Surviving food insecurity

This article originally appeared in Uganda’s New Vision newspaper.

By Warren Nyamugasira

To survive food insecurity, it is imperative that we plan and execute a home-grown long-term agricultural strategy.

John Nagenda in the Saturday Vision, of January 28, raised the question of what it takes to do so thus, “If we are seriously intent on radically changing Uganda’s future, to be based, first and foremost and for the foreseeable future on agriculture, on farming in its widest sense, and everything flowing from that, …the planning involved will task the most imaginative of our people in all their various fields of human endeavour”.

In searching for viable options beyond criticising what is not working, I find thoughts of Prof Li Xiaoyun of China Agricultural University, penned as an input into a campaign on boosting agriculture in Africa, instructive.

The winning formula seems to be “state-led, market-driven and farmer-based” agriculture development, implemented consistently through a deliberate learning process over a long period of time.

Li argues that continuity is critical to agricultural success and Africa has lacked that continuity.

Apparently, China and Africa started settled cultivation of rice and wheat; and sorghum and millet respectively around 7,000 BC.

However, while China had continuity in respect to rice and wheat growing, in Africa, the development of original food crops was seriously disrupted by colonialists in favour of cash crops to meet their own domestic needs.

Today, African households plant over half of all cropped area in imported plant species, principally maize, cassava, groundnuts, bananas, cocoa, potatoes, sweet potatoes, tea, coffee, cotton and rice.

Despite the efforts made to shift the production structure, cash crops are still a major source of export and foreign exchange earnings and therefore, the focus of attention, despite the cash crop-based production system neither bringing a fundamental change to our agriculture nor to our food security situation.

While new crops and technologies enriched agricultural diversity, the system was not well integrated with traditional production systems.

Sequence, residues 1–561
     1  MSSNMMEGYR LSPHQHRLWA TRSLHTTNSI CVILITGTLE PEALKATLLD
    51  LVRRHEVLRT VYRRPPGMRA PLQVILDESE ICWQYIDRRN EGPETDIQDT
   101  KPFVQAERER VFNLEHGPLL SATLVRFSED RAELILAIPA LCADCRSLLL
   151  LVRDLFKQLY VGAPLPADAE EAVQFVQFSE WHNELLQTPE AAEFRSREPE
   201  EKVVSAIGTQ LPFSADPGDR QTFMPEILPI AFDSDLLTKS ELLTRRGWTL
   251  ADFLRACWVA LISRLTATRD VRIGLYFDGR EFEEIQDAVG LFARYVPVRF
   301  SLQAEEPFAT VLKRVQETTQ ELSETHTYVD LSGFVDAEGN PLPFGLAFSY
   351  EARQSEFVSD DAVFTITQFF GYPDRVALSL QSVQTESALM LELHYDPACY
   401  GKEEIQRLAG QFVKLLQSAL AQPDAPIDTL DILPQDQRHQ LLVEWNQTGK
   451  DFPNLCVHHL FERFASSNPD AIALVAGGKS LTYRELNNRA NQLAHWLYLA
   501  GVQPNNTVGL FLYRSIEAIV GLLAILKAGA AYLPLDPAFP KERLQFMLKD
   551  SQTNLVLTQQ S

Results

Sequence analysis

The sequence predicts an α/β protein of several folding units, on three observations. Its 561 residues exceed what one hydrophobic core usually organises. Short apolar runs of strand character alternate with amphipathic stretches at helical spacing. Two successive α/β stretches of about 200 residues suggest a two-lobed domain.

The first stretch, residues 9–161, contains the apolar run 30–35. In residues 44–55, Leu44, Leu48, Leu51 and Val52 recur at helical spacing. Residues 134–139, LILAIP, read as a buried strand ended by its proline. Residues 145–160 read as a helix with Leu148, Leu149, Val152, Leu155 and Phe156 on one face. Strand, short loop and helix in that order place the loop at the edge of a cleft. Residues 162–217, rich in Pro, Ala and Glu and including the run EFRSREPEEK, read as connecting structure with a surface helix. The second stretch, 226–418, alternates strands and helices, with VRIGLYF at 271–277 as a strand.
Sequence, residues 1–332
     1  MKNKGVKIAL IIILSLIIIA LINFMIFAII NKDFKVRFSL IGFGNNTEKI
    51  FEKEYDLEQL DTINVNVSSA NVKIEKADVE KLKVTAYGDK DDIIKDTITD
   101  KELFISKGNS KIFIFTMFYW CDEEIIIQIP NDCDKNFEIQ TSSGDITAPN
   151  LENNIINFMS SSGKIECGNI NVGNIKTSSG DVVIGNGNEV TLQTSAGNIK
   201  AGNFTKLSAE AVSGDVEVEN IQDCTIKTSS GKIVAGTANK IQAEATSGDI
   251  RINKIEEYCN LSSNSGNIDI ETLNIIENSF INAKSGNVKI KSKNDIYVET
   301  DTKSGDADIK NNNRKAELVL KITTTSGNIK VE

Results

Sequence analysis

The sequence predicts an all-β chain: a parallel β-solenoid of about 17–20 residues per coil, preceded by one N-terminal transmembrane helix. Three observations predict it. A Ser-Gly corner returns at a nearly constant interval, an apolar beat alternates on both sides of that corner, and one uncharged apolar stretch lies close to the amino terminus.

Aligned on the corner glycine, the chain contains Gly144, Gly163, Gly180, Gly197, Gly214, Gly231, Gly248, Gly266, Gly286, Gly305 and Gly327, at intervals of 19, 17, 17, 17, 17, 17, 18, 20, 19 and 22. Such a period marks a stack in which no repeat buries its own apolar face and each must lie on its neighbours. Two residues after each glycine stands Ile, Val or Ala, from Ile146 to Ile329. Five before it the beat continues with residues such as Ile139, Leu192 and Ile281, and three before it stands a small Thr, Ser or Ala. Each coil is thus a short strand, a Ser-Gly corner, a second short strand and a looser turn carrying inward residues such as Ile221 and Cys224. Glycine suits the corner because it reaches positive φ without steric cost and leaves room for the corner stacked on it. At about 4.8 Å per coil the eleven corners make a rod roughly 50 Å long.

Traditional cash crops were mainly produced in large plantations with no linkage to smallholder farmers and innovation in food crops was mainly for commercial farms. As such, the colonial period had a significant impact on our agricultural structure, but very little impact on smallholder farming – the main units of our agricultural production.

Critically, the system led to significant lags in the development of smallholder-based technology for productivity improvement. In contrast, the evolution of Chinese agricultural structure has been continuously based on food crop production, enabling it to develop smallholder-based farming technologies in an incremental way over centuries.

Reforms also led to the establishment of agricultural universities, growth of national and local research institutions and the development of agro-inputs industries.

Packaged measures such as irrigation development, enhancement of farmer-centered agricultural research and extension and agro-input industry development have been consistently followed.

Of course, food security is not an end in itself but a means to multi-dimensional development. According to Li, although the strategy of concentrating on food crops had maintained minimum food security in China, initially rural and national economies were not well integrated. Capital accumulated from agriculture was mobilised towards heavy industry.

This led to farmers becoming poor and China becoming a ‘food secure poor country’. This had to be reversed by dramatically increasing the number of ‘township and village rural enterprises’ (over 30-fold from 6.05 million to 188.8 million), leading to employment for millions of rural people and opening the door for social and economic transformation.

According to Li, the role of the state administrative capacity to develop and implement policy and policy learning process was vital in achieving good performance. Realising the value of the agricultural sector to development, the Chinese Communist Party elevated agriculture to the status of a ‘public sector’, setting up different forms of the party’s agriculture and rural policy institutions, organised at the provincial, district and county levels utilising large numbers of the agricultural university and college graduates.

Furthermore, government emphasised building and utilising individual capacity. For example, almost all staff members within the agriculture system are college or university graduates; all senior leaders at provincial, district and county level had to attend full-time training for agricultural development at a university or college for six months to one year; and on-the-job training enables continuous learning.

For each new strategy and policy to be implemented, nationwide training is organised for all who are to lead its implementation. Awards for performance are given at different levels and job promotion is based on work experience at the grassroots level.

This comprehensive capacity that includes an institutional framework, political commitment, social and economic incentives, helps develop and implement effective policies.

External technical and financial advice and support, which recommend otherwise but have not helped in developing and sustaining home-made agricultural development processes cannot be the basis of an agricultural revolution fit for purpose.

Warren Nyamugasira is an independent consultant and development activist


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